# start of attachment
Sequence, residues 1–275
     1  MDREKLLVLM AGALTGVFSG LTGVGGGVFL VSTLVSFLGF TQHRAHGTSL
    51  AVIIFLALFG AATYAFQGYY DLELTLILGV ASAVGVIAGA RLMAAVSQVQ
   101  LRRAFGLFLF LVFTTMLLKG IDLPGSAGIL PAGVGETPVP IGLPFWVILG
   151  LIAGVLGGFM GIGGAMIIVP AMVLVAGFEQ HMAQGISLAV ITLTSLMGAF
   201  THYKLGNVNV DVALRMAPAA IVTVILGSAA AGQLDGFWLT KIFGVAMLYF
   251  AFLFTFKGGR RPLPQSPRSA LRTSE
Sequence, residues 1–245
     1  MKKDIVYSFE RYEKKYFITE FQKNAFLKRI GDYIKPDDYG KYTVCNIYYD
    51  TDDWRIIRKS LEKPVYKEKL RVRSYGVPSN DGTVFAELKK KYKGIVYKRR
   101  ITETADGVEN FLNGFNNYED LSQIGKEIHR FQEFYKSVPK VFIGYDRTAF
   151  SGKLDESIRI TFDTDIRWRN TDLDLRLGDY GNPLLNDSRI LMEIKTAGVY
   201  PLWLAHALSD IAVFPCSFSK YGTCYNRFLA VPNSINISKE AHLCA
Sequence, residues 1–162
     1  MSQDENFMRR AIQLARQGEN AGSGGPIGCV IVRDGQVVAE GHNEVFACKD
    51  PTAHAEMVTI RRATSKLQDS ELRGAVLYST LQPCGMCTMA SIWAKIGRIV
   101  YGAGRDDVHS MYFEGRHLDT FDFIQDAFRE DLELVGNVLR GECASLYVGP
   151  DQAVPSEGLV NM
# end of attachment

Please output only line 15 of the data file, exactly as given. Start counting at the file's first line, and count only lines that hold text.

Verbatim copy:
     1  MSQDENFMRR AIQLARQGEN AGSGGPIGCV IVRDGQVVAE GHNEVFACKD